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A species' Odyssey: evolution of obstetrical mechanics from Australopithecus Lucy to nowadays.

Eur J Obstet Gynecol Reprod Biol. 2014 Oct;181:316-20. doi: 10.1016/j.ejogrb.2014.08.027. Epub 2014 Aug 28.

Chene G1, Tardieu AS2, Trombert B3, Amouzougan A4, Lamblin G5, Mellier G5, Coppens Y6.
Author information 1Department of Gynecology and Obstetrics, CHU of Saint-Etienne, 42023 Saint-Etienne, France; Department of Gynecology, HFME, CHU of Lyon, 69000 Lyon, France. Electronic address: of Gynecology and Obstetrics, Hospital of Firminy, Firminy, France.3Department of Medical Information, CHU of Saint-Etienne, Saint-Etienne, France.4Department of Rheumatology, CHU of Saint-Etienne, Saint-Etienne, France.5Department of Gynecology, HFME, CHU of Lyon, 69000 Lyon, France.6Department of Paleoanthropology, Collège de France, Paris.
Eur J Obstet Gynecol Reprod Biol
AbstractOBJECTIVE: Study of obstetrical mechanics of Australopithecus Lucy, Homo neanderthalensis and Homo erectus relative to modern Homo sapiens and the Catarrhines.STUDY DESIGN: The material comprised a total of 360 pelves: 3 fossil pelves reconstructed using casts (Australopithecus afarensis Lucy or AL 288-1, Homo erectus KNM-WT 15000, H. neanderthalensis or Kebara 2), 305 female modern adult pelves and 52 female Catarrhine pelves (29 gorillas, 18 chimpanzees, 5 orang-utans). All these pelves were reconstructed in order to carry out 11 pelvimetric measurements. Each measurement was carried out twice and by two different operators.RESULTS: The pelvis of Lucy was platypelloid at each pelvic plane. The pelvic inlet of H. neanderthalensis was anteroposteriorly oval whereas the midplane and the outlet were transversely oval. The pelvis of H. erectus was globally round. In modern women, the inlet was transversely oval. The pelvic midplane and outlet were anteroposteriorly oval. In the great apes, the shape of all three pelvic planes was anteroposteriorly oval. The discriminating value of the various pelvimetry measurements place Australopithecus Lucy, H. neanderthalensis Kebara 2, and H. erectus KNM-WT 15000 close to modern humans and less similar to the great apes.CONCLUSION: Obstetrical mechanics evolved from dystocic delivery with a transverse orientation in Australopithecus to delivery with a modern human-like rotational birth and an increase in the anteroposterior diameters in H. erectus, H. neanderthalensis and modern H. sapiens.Copyright © 2014 Elsevier Ireland Ltd. All rights reserved.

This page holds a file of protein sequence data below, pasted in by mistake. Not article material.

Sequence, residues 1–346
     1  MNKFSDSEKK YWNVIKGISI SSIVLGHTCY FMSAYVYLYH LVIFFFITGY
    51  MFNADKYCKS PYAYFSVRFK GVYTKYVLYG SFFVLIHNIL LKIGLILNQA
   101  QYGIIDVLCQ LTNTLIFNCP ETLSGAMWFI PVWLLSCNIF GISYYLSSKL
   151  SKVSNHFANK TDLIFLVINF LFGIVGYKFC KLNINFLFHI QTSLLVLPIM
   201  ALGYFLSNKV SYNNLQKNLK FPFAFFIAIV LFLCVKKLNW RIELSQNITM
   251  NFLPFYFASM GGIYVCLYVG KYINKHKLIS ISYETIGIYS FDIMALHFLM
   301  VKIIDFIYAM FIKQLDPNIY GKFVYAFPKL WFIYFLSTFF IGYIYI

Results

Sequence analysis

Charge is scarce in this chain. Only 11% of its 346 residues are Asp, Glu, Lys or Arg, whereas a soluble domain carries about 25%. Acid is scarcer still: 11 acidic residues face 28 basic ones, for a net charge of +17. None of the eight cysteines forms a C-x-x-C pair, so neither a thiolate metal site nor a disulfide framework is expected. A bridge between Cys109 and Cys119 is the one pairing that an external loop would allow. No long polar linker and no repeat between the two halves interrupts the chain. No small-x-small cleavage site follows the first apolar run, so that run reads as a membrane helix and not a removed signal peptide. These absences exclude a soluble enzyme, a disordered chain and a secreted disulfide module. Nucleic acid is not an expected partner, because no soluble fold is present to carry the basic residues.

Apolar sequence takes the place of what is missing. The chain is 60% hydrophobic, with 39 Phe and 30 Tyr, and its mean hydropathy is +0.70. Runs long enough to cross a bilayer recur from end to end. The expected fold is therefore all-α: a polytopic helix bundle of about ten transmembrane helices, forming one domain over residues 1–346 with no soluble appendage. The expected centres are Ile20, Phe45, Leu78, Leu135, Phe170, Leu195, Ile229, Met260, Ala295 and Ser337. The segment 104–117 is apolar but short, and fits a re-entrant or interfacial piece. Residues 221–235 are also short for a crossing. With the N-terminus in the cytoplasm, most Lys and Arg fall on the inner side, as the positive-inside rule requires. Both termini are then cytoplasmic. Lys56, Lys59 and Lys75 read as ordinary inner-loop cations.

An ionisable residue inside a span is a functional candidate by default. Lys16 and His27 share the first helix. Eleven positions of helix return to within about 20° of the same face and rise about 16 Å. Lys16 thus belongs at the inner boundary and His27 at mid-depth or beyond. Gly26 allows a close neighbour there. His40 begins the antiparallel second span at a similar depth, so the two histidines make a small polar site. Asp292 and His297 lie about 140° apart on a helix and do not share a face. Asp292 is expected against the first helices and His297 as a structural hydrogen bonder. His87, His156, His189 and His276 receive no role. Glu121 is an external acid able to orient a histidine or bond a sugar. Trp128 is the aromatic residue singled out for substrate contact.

Full Text Source: Elsevier Science
PMID:25216347 |

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